A number of recent projects have required us to use stock footage or royalty free music. These are effectively “off the shelf” media clips that can bought or licensed to be used in different projects and as more of our clients are needing them I thought I would write a short blog exploring their different types and uses.
Why use stock footage?åÊ
When possible we will always try to produce original footage, effects and music for every single project we work on. This makes every project unique and perfectly tailored to our clients needs. However, there are a number of reasons why a project might require the use of pre-existing assets. Firstly, (and probably most obviously) is when the project needs to show an historic event. One project that we just completed was a short video charting the development of a global company from it’s inception in the 1940s up to present day. One of the ways we did this was to include footage from each era – for example the sixties included footage of The Beatles waving at people from aeroplane steps. Clearly in this situation we had no alternative but to buy the footage to use.
Another reason could simply be down to cost. We work with a number of international companies whose headquarters are in England but have offices or factories all over the world. If a company wanted to show off that it has a global presence by including footage of Paris, New York & Sydney for example it is likely that it would be far cheaper for us to buy footage of these places rather than send us on a round world trip (more’s the pity).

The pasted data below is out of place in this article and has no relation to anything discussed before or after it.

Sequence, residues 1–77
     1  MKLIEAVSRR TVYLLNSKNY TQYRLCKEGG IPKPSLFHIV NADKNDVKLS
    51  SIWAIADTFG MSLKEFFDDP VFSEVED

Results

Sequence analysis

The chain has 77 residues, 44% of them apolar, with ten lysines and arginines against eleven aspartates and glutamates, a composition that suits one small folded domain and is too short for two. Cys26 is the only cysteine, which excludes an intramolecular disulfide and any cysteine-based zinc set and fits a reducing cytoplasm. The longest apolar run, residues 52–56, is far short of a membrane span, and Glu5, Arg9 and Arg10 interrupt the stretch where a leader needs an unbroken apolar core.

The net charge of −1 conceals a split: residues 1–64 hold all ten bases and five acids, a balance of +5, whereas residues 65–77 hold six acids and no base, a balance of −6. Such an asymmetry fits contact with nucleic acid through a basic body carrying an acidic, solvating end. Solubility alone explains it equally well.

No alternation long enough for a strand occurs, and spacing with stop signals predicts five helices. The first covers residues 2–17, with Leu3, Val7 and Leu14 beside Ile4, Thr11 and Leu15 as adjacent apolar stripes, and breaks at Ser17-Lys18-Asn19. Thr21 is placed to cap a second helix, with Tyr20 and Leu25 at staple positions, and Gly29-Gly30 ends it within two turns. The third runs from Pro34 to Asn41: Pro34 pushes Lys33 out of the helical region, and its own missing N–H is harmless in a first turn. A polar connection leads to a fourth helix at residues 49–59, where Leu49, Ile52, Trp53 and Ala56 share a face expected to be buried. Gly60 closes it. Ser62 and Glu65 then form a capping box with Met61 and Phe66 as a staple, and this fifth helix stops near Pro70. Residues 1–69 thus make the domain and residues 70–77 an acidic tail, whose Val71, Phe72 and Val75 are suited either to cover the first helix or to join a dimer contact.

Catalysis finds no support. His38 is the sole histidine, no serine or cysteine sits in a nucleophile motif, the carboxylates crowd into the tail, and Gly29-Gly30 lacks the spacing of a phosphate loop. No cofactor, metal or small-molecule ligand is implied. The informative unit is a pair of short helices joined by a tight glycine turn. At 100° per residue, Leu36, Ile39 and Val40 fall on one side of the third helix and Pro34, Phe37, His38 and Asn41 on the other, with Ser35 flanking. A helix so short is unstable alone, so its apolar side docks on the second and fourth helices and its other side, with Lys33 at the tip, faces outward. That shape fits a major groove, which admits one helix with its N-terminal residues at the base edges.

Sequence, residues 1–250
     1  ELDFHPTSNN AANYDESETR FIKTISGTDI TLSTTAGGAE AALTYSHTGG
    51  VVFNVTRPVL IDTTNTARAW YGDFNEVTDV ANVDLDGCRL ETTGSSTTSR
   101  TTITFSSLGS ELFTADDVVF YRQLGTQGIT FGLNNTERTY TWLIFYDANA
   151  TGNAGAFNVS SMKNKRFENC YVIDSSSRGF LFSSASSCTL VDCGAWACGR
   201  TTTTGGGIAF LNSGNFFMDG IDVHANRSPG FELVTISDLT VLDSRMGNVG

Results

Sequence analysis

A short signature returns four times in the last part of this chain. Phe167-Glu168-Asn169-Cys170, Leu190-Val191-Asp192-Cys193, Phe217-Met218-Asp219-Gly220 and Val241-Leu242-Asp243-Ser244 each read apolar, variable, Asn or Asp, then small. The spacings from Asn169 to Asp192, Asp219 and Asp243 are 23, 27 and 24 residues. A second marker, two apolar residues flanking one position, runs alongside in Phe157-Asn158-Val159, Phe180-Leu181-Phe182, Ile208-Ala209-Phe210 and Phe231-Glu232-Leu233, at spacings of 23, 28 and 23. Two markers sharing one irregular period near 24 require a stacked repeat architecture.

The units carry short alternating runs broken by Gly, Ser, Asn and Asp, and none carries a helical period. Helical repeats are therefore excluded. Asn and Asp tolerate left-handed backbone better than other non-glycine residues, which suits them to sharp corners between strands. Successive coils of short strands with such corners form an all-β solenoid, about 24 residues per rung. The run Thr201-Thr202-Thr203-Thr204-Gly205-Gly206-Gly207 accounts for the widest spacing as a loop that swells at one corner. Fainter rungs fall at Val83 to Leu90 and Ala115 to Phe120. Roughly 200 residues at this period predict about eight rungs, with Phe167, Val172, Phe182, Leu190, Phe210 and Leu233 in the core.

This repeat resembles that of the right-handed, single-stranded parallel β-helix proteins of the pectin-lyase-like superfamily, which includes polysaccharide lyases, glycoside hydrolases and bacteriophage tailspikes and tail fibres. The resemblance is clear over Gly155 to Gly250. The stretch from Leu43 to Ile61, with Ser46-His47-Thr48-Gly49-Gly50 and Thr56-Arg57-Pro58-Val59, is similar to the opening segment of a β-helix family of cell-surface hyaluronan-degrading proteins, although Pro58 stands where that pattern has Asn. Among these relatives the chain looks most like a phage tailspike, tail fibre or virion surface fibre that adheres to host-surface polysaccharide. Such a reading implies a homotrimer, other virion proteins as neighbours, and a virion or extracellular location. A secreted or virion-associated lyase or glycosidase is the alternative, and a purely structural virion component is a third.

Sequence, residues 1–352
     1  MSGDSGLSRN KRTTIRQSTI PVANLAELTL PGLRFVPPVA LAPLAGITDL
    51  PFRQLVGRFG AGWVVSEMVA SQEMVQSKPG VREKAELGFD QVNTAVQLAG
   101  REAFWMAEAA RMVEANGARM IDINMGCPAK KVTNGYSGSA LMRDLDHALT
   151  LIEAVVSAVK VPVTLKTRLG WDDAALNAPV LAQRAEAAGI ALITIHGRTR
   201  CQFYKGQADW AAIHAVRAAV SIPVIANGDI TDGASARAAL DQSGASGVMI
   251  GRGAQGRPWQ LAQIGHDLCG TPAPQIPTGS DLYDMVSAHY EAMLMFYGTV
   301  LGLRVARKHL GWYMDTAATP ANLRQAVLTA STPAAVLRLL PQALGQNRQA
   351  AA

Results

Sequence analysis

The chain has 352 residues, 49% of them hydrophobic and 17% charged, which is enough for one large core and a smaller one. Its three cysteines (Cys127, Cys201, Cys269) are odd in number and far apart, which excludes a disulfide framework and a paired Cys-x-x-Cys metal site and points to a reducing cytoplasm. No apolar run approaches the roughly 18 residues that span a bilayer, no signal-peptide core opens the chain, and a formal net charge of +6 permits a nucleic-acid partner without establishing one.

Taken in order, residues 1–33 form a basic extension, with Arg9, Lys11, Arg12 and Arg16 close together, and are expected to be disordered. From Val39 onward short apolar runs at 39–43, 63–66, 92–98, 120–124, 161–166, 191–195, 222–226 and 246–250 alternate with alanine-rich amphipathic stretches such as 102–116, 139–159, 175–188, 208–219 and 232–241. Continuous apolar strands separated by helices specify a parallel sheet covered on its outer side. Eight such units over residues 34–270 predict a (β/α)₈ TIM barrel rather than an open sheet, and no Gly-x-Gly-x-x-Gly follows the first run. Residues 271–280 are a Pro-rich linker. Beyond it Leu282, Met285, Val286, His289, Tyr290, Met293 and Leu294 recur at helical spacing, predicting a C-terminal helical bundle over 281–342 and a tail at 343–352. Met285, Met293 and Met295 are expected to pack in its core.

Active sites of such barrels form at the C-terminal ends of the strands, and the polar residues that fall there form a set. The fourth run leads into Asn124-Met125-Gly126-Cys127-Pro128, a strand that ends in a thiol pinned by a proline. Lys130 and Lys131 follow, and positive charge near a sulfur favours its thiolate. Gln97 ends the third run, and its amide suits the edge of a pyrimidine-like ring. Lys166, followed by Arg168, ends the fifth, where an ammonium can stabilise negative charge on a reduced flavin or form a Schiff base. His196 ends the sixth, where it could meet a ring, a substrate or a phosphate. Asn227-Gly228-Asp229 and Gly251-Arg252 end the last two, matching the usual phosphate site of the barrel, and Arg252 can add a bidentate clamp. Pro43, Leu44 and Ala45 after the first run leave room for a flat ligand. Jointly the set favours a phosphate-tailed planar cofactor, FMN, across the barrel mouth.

What kind of assets are available?
Pretty much anything you want. From video clips to special effects and background music or sound effects there are millions of assets available to purchase. A lot of them are created by amateurs or other production companies as a way to make money on the side but you can also purchase from the archives of the BBC, Pathe and many more massive corporations.
How much does it cost?
There are really two different types of pricing: royalty free & licensed. Royalty free is generally cheaper as you pay a one off fee to effectively own the asset and use it as you see fit. Price wise you’ll be looking at between a couple of pounds for a simple sound effect to å£100 for a long HD video clip.
Licensed assets are somewhat more complicated. This is when the company who own the asset agree to license it to you for one specific use. You have to clearly define what the asset is for (corporate, promotional, web, TV etc), how long you need it for (normally minimum is 6 months), what format you need it in and how many people are going to see it. Based on these criteria the company will let you know how much it will cost. This is mainly for when you want to use something famous such as a pop track or image of a celebrity.
There is a third category which is when the license on a particular asset has expired and you can use it for free. This is commonly the case with pieces of classical music or literature but famously was the case for the 1967 George A. Romero film ‘Night of the Living Dead’. The production company didn’t re-new the copyright on the film leading to loads of different versions of the DVD being created and sold.
Hopefully this has given some insight into the use of stock media assets and how they can benefit you in different projects. For more information on this or any of the services Echo Video offer please get in touch with Will or Andy on 01273 911345.